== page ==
Under current state law, individuals convicted of possession of less than one ounce of marijuana face a misdemeanor charge that is punishable of up to one year in jail and a $2,500 fine. If you live in Nashville, consider contacting your Council member and urging them to support this common sense measure.
The Secretary of State’s office has confirmed that initiative proponents, The Campaign to Regulate Marijuana like Alcohol, submitted a sufficient number of signatures from registered voters to qualify the measure for the November ballot. A Maricopa County judge has also dismissed a lawsuit that sought to prohibit the measure from going before voters, although initiative opponents may seek to further litigate the matter before the state Supreme Court.
Proposition 205 permits adults to legally possess (up to one ounce of marijuana flowers and/or five grams of marijuana concentrates) and cultivate marijuana (up to six plants) for their own personal use, and establishes licensing for its commercial production and retail sale. Commercial, for-profit sales of cannabis will be subject to taxation, while non-commercial exchanges of marijuana will not be taxed.
Similar adult use measures will appear on the ballot this November in California, Maine, Massachusetts, and Nevada. Voters in Arkansas, Florida, Montana, and North Dakota will also decide on medical use measures this fall. A Missouri statewide initiative seeking to regulate the plant’s medicinal use is in litigation.
A summary of 2016 statewide ballot measures and their status is online here.
Jordan Person, executive director of the Denver Chapter of the National Organization for the Reform of Marijuana Laws (NORML) submitted roughly 8,000 signatures this week to Denver’s Election Division with the hope of qualifying the Responsible Use Initiative for this November’s ballot. Relying on the hard work and dedication of more than twenty grassroots activists, the Denver NORML team worked tirelessly for more than three months educating voters on the issue and collecting signatures throughout the city. The campaign needs a total of 4,726 valid signatures to qualify for the ballot.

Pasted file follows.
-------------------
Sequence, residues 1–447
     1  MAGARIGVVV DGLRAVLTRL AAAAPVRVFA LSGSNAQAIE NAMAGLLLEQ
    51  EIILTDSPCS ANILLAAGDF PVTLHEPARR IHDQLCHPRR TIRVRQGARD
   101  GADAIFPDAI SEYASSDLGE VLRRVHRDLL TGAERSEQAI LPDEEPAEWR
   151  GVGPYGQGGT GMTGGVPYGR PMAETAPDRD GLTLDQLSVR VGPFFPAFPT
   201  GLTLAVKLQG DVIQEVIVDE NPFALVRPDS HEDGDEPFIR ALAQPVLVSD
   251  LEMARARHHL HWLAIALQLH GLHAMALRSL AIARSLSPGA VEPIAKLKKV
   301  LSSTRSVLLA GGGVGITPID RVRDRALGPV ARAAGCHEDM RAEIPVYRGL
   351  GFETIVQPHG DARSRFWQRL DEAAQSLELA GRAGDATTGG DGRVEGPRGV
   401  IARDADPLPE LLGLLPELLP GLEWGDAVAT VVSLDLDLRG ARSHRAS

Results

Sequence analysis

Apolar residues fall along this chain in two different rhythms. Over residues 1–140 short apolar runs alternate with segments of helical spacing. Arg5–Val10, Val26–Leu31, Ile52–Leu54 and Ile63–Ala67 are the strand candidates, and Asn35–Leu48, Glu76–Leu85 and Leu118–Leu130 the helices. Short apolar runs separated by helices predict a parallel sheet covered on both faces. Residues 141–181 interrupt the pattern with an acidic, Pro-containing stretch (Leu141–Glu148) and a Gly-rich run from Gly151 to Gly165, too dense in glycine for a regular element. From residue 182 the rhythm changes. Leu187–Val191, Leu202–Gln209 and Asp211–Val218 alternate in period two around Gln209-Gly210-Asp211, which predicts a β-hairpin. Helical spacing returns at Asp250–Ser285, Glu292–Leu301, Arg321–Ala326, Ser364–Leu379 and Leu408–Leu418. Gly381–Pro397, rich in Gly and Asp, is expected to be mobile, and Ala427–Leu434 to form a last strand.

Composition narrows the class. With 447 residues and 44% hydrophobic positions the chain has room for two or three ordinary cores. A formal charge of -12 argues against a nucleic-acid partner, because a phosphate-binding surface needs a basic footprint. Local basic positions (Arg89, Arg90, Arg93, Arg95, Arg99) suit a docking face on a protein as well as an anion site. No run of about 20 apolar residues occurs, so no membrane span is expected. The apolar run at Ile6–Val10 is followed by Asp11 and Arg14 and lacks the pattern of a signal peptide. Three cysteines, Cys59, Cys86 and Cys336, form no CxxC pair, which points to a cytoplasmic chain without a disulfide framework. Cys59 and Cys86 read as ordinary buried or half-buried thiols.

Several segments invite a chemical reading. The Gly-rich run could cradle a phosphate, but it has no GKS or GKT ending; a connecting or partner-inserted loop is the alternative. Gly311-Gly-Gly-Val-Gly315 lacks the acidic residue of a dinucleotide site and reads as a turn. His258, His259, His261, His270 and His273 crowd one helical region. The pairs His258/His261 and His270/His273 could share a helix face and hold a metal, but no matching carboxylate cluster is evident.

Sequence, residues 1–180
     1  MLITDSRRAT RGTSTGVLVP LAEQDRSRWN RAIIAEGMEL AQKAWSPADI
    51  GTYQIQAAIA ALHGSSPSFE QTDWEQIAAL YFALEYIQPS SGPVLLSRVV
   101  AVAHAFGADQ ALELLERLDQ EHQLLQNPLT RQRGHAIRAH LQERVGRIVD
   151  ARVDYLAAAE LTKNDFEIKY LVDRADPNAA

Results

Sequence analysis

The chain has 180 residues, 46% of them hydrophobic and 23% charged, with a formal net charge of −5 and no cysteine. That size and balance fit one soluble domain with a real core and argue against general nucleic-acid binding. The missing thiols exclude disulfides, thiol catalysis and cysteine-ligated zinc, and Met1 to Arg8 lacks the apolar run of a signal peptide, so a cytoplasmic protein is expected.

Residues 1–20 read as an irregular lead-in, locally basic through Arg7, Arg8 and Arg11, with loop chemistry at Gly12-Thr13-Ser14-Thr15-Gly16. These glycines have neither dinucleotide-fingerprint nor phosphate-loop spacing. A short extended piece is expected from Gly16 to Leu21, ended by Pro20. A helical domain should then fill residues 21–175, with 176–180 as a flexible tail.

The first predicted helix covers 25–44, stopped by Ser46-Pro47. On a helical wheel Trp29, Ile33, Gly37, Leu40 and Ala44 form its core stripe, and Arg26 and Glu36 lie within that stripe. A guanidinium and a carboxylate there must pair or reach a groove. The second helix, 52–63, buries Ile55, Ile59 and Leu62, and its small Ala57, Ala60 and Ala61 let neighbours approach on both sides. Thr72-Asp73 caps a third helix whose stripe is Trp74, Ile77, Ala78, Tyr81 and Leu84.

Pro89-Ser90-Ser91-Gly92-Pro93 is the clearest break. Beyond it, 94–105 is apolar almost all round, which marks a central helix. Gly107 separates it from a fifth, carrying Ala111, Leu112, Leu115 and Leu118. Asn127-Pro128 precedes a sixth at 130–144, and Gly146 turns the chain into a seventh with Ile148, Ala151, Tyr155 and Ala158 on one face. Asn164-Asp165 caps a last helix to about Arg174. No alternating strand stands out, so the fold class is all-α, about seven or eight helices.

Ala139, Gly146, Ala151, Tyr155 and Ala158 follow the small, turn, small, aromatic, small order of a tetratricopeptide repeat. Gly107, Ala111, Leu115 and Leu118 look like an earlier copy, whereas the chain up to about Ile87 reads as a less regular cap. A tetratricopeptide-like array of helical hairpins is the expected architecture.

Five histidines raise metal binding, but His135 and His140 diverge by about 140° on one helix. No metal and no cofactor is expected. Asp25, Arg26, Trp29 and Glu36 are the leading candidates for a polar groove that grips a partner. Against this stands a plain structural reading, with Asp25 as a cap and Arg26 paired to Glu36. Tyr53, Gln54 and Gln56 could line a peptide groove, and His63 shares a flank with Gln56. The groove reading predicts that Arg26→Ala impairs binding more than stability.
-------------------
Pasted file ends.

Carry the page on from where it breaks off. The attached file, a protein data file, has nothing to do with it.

“I could not be more proud of the grassroots movement Denver NORML has created. Our volunteers sacrificed every moment they could to work hard for this campaign.” Person said. “It was an easy choice for most because of how much they believe in the initiative they are fighting for. As we go through this interim period of waiting, hoping and preparing we look forward to the future with excitement.”
If certified for the ballot, Denver voters will be among the first in the nation to decide whether to regulate legal private marijuana clubs for adults 21 and over.
Officials with Denver Elections have 25 days to verify the campaign’s signatures. Regardless of the outcome, this has been a groundbreaking effort to normalize the consumption of marijuana in America.
In addition to Denver NORML’s Responsible Use Campaign, voters in the city might also have the opportunity to vote on a similar, yet more limited proposal that would restrict consumers to vaping in predesignated areas.
Approximately two in three California voters support the establishment of a state-regulated retail market for the sale of marijuana to adults, according to polling data compiled by the Institute of Government Studies at the University of California, Berkeley.
Sixty-four percent of respondents agree, “Marijuana should be legal for adults to purchase and use recreationally, with government regulations similar to the regulation of alcohol.”
Support is strongest among those between the ages 18 to 24 (75 percent), Democrats (74 percent), African Americans (72 percent), those between the ages of 25 to 34 (71 percent), and Latino voters (69 percent). Among voters over 65 years of age, 58 percent back legalization.
The polling data bodes well for the passage of California’s Proposition 64 this November. The statewide initiative permit adults to legally grow (up to six plants) and possess personal use quantities of cannabis (up to one ounce of flower and/or up to eight grams of concentrate) while also licensing commercial cannabis production and retail sales. The measure prohibits localities from taking actions to infringe upon adults’ ability to possess and cultivate cannabis for non-commercial purposes. The initiative language specifies that it is not intended to “repeal, affect, restrict, or preempt … laws pertaining to the Compassionate Use Act of 1996.” Proposition 64 is endorsed by the ACLU of California, the California Democratic Party, the California Medical Association, California Lt. Gov. Gavin Newsom, the California NAACP, the Drug Policy Alliance, Students for Sensible Drug Policy, and NORML.
Voters in Arizona, Maine, Massachusetts, and Nevada will similarly decide on adult use measures in November. Voters in Arkansas, Florida, Missouri, Montana, and North Dakota are expected to also decide on medical use measures this fall.
A summary of 2016 statewide ballot measures and their status is online here.